- To determine the CIT base on the basis of a market price, the tax authorities are entitled to apply the following methods:
- Comparable uncontrolled price (CUP) method.
- Resale price method.
- Cost plus method.
- Transactional net margin method.
- Profit split method.
The updated transfer pricing rules, which came into force on 1 January 2019, provide for the possibility of concluding Advance Pricing Agreements (APAs) with the Ministry of Taxes and Duties of the Republic of Belarus. The conclusion of such APA between tax authorities and taxpayers is widely used in the world practice of transfer pricing. The right to enter into an APA is granted exclusively for (i) the largest taxpayers and (ii) taxpayers that performed controlled transactions in excess of BYN 2 million.
Subject to thin capitalisation rules, deductibility of controlled debt may be, in certain circumstances, restricted for Belarusian CIT purposes if:
- it arises under the contract with a foreign shareholder (who directly or indirectly owns more than 20% of the Belarusian company), its related party, or other entity where the foreign shareholder or the related party is the guarantor with regard to the controlled debt, and
- the amount of the controlled debt exceeds:
- the difference between the Belarusian taxpayer’s assets and liabilities for taxpayers producing excisable goods, or
- the difference between the Belarusian taxpayer’s assets and liabilities by three or more times for other taxpayers.
The following expenses are regarded for thin capitalisation rules as controlled debt:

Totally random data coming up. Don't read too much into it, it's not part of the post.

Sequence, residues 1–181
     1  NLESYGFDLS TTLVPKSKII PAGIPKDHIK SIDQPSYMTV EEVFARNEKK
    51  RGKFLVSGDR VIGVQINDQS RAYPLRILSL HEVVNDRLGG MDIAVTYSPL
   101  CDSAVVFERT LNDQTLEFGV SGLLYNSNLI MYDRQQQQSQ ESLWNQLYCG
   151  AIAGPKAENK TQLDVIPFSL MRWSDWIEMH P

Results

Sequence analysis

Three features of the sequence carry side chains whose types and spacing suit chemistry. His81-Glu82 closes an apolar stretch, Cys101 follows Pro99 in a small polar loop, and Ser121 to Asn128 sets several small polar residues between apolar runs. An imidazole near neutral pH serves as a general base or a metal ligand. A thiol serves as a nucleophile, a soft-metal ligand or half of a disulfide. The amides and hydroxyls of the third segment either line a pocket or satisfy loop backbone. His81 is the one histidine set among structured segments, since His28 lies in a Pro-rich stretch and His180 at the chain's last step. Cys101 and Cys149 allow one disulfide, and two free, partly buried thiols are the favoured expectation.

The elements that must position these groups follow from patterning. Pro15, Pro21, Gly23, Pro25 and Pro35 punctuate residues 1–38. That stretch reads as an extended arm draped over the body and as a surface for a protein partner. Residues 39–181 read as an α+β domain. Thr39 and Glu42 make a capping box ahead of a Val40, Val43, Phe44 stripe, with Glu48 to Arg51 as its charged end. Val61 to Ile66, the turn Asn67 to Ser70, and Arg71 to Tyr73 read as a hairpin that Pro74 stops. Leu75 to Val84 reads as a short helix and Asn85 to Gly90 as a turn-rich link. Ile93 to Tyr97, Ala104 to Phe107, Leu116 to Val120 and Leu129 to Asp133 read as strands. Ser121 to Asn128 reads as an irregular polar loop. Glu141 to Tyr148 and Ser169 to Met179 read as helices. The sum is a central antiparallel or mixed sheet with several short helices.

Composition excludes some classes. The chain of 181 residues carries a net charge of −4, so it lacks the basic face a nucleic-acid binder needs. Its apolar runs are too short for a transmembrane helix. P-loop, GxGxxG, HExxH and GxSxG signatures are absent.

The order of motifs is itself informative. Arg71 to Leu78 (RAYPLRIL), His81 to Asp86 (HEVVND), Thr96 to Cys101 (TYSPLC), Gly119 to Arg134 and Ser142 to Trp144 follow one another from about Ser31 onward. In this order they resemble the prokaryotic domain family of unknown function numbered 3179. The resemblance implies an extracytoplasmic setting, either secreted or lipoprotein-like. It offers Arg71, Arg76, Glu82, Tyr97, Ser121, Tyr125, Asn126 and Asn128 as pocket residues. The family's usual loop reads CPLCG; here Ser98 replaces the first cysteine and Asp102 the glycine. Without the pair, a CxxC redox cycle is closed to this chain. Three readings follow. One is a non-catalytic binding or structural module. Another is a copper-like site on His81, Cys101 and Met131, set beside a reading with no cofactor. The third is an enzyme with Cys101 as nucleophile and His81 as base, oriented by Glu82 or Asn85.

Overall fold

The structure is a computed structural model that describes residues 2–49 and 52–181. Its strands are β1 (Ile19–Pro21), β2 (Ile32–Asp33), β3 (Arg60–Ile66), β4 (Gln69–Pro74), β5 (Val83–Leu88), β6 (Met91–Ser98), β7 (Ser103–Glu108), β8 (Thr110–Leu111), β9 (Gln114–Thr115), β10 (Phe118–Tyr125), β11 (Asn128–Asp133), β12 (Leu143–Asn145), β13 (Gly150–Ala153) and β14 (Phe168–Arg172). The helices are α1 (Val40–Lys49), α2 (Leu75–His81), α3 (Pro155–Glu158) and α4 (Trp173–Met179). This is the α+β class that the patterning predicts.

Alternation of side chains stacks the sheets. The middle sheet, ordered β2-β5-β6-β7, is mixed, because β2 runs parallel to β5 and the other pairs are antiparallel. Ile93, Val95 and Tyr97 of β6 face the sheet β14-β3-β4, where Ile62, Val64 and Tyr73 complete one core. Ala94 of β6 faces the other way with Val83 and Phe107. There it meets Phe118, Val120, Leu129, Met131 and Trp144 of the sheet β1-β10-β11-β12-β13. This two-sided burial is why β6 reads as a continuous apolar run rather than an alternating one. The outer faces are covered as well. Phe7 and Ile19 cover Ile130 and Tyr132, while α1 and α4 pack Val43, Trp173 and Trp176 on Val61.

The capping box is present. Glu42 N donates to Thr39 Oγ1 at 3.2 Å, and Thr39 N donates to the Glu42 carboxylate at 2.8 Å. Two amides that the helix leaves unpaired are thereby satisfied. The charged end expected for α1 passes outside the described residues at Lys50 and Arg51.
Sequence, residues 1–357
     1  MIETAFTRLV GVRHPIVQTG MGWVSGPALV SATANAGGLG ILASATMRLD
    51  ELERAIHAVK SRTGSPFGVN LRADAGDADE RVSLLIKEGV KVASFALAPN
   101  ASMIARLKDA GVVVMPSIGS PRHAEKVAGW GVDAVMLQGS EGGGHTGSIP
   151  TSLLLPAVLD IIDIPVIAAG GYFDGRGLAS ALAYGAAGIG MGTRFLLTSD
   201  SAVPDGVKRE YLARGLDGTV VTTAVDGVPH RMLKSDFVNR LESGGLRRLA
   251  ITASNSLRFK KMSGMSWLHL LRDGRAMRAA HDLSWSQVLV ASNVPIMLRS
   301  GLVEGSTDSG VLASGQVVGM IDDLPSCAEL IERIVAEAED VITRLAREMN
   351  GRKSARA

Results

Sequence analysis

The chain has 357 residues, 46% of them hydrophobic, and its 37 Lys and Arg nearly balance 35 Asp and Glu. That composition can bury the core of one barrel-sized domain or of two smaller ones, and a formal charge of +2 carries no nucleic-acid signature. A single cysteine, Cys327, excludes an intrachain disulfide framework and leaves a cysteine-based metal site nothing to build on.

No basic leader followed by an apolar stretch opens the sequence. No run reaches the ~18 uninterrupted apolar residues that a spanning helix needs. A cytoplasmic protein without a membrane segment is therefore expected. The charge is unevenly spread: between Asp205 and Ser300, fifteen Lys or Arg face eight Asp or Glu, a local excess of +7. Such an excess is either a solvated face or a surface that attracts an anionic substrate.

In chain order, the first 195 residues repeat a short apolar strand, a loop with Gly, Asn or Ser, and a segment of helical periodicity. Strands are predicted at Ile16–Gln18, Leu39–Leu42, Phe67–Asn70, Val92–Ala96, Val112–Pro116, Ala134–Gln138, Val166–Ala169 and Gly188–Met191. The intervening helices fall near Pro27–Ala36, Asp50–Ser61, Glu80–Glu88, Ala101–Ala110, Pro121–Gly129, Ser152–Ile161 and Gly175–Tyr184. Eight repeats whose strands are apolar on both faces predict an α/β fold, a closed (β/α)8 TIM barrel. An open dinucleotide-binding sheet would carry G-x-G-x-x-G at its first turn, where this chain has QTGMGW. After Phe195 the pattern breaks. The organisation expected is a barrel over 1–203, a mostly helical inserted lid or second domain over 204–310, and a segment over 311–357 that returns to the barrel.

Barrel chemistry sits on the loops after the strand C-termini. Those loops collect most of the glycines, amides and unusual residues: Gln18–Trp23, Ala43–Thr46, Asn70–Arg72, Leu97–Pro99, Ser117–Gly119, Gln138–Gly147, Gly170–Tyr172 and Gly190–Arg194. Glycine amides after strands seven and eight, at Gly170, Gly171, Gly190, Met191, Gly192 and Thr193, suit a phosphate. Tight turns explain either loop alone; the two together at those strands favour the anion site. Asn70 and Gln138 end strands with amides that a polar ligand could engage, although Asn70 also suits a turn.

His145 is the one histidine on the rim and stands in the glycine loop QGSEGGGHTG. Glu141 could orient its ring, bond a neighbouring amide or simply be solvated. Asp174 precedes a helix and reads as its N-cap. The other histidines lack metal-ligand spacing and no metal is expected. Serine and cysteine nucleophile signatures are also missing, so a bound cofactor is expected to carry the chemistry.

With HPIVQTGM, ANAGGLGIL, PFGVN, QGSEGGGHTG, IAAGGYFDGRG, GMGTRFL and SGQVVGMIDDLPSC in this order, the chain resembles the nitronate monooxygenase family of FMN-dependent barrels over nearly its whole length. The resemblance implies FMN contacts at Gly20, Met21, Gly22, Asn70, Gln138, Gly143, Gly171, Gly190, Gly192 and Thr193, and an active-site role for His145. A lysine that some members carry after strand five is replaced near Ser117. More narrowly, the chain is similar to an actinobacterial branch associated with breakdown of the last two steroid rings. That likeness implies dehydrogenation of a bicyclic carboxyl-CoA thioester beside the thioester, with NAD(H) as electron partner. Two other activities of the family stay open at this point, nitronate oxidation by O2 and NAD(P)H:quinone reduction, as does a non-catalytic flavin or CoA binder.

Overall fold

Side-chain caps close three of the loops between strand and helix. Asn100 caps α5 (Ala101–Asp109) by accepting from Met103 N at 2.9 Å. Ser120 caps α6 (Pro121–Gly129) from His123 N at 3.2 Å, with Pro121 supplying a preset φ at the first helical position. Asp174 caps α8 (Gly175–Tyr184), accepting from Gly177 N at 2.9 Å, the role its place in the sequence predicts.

- Borrowing expenses (i.e. interests).
- Expenses for engineering services, marketing services, consulting services, information services, management services, intermediary services, and services involving searching for and employment of staff, as well as the fee for the transfer of property rights to objects of industrial property rights.
- Expenses for penalties (fines) and the amount payable as a result of other sanctions, including as a result of damages for breach of contractual obligations.
Moreover, since 1 January 2019, Belarusian tax law has established unified rules to determine controlled debt before Belarusian and foreign shareholders (their affiliates). Accordingly, controlled debt structures and limits are the same for Belarusian/foreign shareholders (their affiliates). Under renewed rules, debt structure and the debt-to-equity ratio (3:1) that applied to debts for foreign shareholders/their affiliates before 2019 are extrapolated to any controlled debt. Peculiarities of controlled debt types in Belarus have remained; not only interest, but also expenses for certain services (e.g. marketing, management, outsourcing), royalties, and penalties/other contractual sanctions, are subject to thin capitalisation rules. When calculating capitalisation coefficient, controlled debt is calculated as the aggregate of all debts before all creditors. Under the Tax Code, controlled debt includes currency differences that emerge when re-evaluating debts denominated in foreign currency.
The thin capitalisation rules are not applied by (i) banks, (ii) insurance companies, and (iii) companies (lessors and finance lessors) as a result of receiving rent remuneration that does not exceed 50% of total income from sale of goods (works, services) or property rights and income from rent (finance rent) as of 31 December of the reporting tax period.
Controlled foreign companies (CFCs)
There are no provisions in relation to CFCs in Belarus.